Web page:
New developments have come to light in the story of the alleged poaching of Cecil the lion, including the identities of the main actors in the incident.
All good hunters – that is, “good” in the sense of being legal and ethical hunters (which would also be the overwhelming majority of hunters) – despise those who flout game laws out of selfishness or ego.
Those kinds of illegal and unethical actions of course include poaching, or the illegal taking of game animals in violation of state, federal or international law.
The man accused of the recent illegal harvest of a lion in Zimbabwe is Walter James Palmer of Eden Prairie, Minnesota, according to the Zimbabwe Conservation Task Force. That’s the lede you’ll read all day, but what if we waited, collected some more information, and then made a decision? Imagine that…
Until today here’s what we knew: The animal was reportedly lured from its territory in the Zimbabwe Hwange National Park to be shot by a foreigner who paid a reported $55,000 to kill the animal, has hunters, conservationists, and non-hunters alike voicing their displeasure.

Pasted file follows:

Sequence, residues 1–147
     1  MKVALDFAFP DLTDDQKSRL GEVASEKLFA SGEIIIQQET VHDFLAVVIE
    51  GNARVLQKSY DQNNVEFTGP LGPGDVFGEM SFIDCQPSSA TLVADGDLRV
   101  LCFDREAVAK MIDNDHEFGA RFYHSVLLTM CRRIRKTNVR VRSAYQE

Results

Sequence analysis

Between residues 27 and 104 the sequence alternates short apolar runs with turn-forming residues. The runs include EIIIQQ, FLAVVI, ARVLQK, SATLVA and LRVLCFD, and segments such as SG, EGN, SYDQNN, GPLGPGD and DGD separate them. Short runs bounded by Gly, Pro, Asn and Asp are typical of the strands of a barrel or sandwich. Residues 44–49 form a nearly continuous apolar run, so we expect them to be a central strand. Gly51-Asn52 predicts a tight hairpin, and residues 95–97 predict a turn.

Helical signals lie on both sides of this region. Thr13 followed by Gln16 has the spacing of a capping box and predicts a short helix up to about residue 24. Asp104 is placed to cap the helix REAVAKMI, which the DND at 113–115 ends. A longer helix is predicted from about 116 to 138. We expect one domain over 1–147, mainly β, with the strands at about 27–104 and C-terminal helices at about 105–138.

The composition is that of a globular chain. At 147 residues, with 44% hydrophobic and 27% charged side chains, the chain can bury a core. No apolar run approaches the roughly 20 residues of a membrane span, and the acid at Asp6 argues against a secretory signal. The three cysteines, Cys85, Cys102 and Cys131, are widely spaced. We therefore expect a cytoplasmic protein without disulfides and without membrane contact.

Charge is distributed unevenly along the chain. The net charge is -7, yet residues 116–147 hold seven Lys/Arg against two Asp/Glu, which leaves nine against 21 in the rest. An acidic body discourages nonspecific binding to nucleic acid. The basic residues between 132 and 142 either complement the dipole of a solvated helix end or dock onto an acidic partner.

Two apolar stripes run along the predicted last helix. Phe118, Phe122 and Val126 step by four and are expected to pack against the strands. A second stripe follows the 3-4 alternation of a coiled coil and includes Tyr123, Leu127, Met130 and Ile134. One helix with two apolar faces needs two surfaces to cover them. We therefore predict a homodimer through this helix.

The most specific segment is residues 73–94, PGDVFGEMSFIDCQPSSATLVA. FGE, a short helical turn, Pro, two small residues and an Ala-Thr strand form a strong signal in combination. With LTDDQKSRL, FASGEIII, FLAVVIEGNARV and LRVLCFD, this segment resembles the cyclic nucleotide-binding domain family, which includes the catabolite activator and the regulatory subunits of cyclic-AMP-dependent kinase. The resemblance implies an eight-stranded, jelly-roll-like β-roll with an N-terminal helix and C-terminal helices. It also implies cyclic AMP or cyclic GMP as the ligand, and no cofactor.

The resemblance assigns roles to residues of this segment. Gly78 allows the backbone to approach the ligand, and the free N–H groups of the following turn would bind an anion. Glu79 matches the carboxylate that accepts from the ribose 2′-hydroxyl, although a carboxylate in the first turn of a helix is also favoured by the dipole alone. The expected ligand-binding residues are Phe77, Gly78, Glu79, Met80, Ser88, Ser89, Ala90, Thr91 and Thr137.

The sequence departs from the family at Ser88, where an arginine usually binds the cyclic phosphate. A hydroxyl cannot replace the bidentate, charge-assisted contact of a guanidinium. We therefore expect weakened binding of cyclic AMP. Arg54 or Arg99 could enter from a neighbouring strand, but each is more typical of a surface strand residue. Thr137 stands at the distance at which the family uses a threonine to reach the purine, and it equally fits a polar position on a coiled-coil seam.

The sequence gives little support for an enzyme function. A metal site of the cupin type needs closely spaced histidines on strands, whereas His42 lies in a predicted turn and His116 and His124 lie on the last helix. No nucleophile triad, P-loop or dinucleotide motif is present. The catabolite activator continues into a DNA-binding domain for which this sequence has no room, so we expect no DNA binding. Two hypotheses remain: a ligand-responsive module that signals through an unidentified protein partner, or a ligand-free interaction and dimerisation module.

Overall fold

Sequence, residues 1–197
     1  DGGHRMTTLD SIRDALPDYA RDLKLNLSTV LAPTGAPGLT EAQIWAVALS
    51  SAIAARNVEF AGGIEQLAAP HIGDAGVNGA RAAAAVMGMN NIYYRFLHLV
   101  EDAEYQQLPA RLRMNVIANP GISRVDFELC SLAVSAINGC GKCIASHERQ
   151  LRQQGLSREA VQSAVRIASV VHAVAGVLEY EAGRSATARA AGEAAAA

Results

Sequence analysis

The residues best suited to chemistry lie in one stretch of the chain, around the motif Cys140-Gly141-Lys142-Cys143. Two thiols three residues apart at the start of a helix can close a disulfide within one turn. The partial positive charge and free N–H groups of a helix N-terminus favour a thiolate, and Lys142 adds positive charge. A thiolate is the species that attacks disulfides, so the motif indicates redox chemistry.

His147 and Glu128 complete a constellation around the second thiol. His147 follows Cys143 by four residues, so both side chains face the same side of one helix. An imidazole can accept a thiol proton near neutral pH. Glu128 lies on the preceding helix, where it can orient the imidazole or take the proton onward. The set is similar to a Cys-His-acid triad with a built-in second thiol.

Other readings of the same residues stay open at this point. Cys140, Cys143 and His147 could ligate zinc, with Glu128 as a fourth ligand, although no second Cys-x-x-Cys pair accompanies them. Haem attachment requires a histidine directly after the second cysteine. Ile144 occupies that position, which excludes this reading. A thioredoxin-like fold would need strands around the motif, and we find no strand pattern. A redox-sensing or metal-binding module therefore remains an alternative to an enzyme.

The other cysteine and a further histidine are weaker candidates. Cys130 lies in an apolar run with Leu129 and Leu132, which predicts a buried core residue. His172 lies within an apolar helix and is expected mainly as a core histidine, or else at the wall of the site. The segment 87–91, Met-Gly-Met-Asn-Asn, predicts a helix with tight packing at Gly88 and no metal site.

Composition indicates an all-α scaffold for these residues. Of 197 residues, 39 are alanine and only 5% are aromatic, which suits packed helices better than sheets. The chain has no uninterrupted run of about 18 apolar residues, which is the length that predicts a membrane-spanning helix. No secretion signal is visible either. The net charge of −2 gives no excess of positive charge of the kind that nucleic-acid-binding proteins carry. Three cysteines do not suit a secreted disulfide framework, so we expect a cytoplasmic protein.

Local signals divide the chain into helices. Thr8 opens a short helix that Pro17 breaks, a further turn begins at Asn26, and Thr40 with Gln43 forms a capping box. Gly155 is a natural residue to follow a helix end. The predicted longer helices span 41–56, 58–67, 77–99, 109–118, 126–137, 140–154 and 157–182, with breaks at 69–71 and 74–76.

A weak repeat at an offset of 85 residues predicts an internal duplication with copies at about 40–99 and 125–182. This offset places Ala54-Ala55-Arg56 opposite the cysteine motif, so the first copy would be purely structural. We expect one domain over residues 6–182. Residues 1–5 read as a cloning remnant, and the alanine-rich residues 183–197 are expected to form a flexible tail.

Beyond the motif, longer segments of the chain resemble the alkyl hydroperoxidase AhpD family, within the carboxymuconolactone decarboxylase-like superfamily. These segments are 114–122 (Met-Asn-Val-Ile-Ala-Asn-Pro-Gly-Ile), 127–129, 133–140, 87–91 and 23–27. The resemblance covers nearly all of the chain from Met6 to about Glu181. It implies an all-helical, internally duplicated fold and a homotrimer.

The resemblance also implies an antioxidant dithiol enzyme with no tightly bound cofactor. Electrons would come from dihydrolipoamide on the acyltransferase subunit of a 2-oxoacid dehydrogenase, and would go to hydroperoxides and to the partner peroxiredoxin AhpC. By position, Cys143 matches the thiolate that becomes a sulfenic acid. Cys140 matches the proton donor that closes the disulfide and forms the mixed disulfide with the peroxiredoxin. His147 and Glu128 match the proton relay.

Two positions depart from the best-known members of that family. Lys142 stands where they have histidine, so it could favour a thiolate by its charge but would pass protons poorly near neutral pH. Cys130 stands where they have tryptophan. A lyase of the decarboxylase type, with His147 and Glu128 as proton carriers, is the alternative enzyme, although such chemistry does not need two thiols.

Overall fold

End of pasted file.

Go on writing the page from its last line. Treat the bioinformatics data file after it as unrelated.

The lion, dubbed Cecil, was an iconic figure for the park, until it was killed.
Again, until Tuesday morning, all that had been reported on the incident was that a wealthy foreign individual, identified as a “Spaniard” in the news reports, along with accomplices in Zimbabwe that may or may not have included certain Hwange Park rangers, a safari company and/or some locals, had lured the collared lion from the park.
The lion was shot with either a bow and arrow or crossbow, and was wounded. The “Spaniard” and/or his party supposedly tracked it for some 40 hours, dispatched it with a rifle, and then skinned and beheaded the lion, the remains of which were found by park personnel via the GPS tracking collar.
Read yesterday’s initial story, along with commentary critiquing the inflammatory language used by various reporting agencies, that conflates legal, ethical hunters with illegal, unethical poaching.
While certain details of the story are still fuzzy, today CNN reported the names of three of the alleged primary actors in the incident. Authorities have arrested and identified two Zimbabweans, Honest Trymore Ndlovu and Theo Bronchorst, as assisting Palmer in the killing of the lion.
Bronchorst, a professional hunter and guide, is alleged to have put Palmer onto the lion by luring the big cat from the park to landowner Ndlovu’s property with a dead animal as bait.